If China wins the 'race for the Moon' and establishes a manned outpost conducting helium-3 mining operations, it would create a scenario similar that of the 2009 movie Moon. In that motion picture, a private company called Lunar Industries has built a mining base on the Moon and enjoys a helium-3 extraction and shipping monopoly - the same kind of monopoly that in the past created the fortunes of ventures like the East India Companies.129 Unlike that fictional universe, in the case of a Chinese lunar base the monopoly would be held by a state. The ramifications and consequences of such a scenario would be 'cosmic'. First, "China is what international relations scholars call a 'revisionist power,' seeking opportunities to assert its enhanced relative position in international affairs."130 Thus, establishing an automated or manned helium-3 operation on the Moon would be a spectacular statement of grandeur.131 Secondly, due to the inevitable depletion of fossil fuels on Earth, Beijing would be in a position to gradually build a helium-3 hydraulic empire in which it would control the supply of the precious gas, and become the only energy superpower. The making of such an empire would be most likely met with resistance. Plausibly, the prospect of China's energy supremacy, which would undoubtedly transubstantiate into pervasive geopolitical influence, would cause geopolitical tension, agglutinate anti-Chinese alliances, and prompt the other space-faring nations - the US in primis - to rush to the Moon to break the Dragon's monopoly. Then, a scenario similar to that described in Limit, a science and political fiction novel by Frank Schatzing set in a 2025, seeing China and the US develop a new Cold War for lunar helium-3 taking the space race of yesteryear to new heights. Thirdly, China might decide to acquire or retain control over helium-3 deposits by annexing lunar regions. International law would be neither an impassable hurdle nor an effective deterrent. Although the 1967 Outer Space Treaty asserts common ownership over everything in the universe beyond the Earth and requires all countries to share in the benefits of space,132 its article 17 permits signatory states to withdraw from the treaty with only a year's notice.133 Unilateral withdrawal by one of the major space-faring powers would undermine the existing international legal regime in space, prompting the other players to secure a piece of the pie in the sky for themselves. This would start a period of colonialism reminiscent of that in 19th century. Having established a permanent manned lunar base, China would be able to substantiate its claim by satisfying an important criterion for sovereignty: the wishes of the inhabitants. Also, claims over lunar areas beyond China's 'red side of the Moon' by other powers would legitimize Beijing's acquisition of its new selenitic dominions (where Chinese sovereignty would provide regulations and protection for private investors to operate).134 Once in control of vast helium-3 fields, China could even astutely play the 'game of Moons' by favouring the settlement and encouraging the territorial claims of non-hostile or friendly powers - for example other BRICS countries - in order to contain Western expansion and access to helium-3 on the lunar surface. Finally, China could decide to use its lunar base as a military asset "to dominate access on and off our planet Earth and determine who will extract valuable resources from the moon in the years ahead."135 More piercingly put, "the Moon could hypothetically be used as a military battle station and ballistic missiles could be launched against any military target on Earth"136 or in space. Our planet's celestial sister could also become one of the battlefields of future 'helium-3 conflicts', which would be simultaneously fought or spill-over on lunar, space and Earth domains.137 If this will turn into 'tomorrow's truth', then helium-3 will not just fuel the future, but also future rivalries and wars. The price for global energy security would then be global geopolitical insecurity.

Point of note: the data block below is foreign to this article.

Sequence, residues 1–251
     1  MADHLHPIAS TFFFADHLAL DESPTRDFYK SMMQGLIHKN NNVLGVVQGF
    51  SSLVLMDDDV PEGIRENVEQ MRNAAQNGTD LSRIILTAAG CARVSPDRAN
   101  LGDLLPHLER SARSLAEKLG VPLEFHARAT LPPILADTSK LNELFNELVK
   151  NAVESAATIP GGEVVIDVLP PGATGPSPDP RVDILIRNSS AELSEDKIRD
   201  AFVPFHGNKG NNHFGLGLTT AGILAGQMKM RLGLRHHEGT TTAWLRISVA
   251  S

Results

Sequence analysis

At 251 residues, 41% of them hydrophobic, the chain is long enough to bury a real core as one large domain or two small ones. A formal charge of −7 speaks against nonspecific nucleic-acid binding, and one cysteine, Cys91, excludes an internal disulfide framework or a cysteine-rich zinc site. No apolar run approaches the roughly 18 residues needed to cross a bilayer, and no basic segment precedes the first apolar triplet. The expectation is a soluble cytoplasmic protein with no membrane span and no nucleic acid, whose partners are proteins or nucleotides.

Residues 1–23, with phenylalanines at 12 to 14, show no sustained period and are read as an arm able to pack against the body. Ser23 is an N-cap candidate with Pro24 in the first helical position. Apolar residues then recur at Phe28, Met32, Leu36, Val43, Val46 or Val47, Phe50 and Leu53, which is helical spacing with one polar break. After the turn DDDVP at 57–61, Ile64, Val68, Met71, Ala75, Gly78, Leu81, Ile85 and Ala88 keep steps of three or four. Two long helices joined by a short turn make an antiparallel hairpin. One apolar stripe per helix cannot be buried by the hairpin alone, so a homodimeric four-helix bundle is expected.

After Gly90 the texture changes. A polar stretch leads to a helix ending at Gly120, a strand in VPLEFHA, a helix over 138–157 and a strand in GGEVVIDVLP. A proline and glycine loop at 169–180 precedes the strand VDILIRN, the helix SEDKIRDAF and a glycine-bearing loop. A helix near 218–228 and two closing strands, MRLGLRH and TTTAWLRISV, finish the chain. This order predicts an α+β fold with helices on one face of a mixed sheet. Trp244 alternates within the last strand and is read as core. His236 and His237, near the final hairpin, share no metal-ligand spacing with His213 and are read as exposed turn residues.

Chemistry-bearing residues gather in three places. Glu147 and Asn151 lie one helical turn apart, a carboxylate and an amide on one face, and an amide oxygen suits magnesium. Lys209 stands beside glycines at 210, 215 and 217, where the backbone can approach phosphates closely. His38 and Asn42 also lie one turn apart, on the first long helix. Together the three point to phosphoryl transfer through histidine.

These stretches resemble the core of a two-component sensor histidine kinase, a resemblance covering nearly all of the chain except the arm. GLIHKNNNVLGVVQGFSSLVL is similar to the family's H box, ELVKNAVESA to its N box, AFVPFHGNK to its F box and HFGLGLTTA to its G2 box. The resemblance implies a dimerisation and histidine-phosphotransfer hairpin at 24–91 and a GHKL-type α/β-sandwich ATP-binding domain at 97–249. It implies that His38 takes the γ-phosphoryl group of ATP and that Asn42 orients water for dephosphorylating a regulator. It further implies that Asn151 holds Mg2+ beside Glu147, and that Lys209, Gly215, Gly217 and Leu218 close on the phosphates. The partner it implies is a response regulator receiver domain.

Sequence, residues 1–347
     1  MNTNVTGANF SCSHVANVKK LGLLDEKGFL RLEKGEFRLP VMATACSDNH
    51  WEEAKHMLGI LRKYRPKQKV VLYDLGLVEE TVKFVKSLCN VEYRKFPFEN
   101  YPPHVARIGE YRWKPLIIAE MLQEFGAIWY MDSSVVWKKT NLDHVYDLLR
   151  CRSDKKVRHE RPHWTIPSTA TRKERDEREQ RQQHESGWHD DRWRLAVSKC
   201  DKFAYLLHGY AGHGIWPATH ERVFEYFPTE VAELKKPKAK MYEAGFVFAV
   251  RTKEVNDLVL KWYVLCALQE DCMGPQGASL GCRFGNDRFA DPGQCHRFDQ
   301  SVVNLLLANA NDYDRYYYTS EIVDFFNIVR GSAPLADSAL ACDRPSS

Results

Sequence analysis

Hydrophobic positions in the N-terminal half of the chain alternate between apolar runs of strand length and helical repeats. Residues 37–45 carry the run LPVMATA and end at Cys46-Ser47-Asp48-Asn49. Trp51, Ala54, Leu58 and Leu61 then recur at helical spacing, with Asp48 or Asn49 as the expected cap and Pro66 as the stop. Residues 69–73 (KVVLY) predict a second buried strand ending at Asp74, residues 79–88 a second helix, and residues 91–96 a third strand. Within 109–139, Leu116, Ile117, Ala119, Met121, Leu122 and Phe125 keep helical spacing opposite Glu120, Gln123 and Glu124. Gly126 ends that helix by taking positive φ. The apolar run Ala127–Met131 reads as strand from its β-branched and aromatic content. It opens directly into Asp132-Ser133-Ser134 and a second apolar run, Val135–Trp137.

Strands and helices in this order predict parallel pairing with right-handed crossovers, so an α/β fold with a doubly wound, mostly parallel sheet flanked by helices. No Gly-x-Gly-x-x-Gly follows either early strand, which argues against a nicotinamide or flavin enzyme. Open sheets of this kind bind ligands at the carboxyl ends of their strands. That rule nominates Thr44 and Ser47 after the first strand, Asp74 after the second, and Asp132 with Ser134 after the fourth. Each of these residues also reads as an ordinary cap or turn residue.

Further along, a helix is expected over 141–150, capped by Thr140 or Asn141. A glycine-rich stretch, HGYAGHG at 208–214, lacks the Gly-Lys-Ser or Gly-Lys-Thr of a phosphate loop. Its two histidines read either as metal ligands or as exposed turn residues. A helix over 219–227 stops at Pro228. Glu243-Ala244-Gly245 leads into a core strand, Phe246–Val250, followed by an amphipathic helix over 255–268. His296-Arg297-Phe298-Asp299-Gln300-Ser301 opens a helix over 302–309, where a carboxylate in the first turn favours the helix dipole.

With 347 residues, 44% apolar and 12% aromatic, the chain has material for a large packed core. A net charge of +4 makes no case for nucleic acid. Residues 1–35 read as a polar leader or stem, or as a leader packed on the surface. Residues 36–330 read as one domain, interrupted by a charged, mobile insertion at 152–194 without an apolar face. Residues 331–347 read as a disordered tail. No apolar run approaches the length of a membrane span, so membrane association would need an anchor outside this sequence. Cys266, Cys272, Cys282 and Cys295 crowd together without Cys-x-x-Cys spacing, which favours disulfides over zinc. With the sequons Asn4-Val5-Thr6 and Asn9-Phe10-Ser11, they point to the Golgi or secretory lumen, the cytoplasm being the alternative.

6. Conclusion: A Call to Cooperation

"There was a time when energy was a dirty world - when turning on your lights was a hard choice. Cities in brown out, food shortages, cars burning fuel to run. But that was the past, where are we now? How did we make the world so much better, make deserts bloom? Right now we're the largest producer of fusion energy in the world. The energy of the sun, trapped in rock, harvested by machine from the far side of the moon. Today we deliver enough clean burning Helium-3 to supply the energy needs of nearly 70% of the planet. Who'd have thought, all the energy we ever needed, right above our heads. The power of the moon. The power of our future." ['Lunar Industries Commercial' in Duncan Jones, Moon, 2009]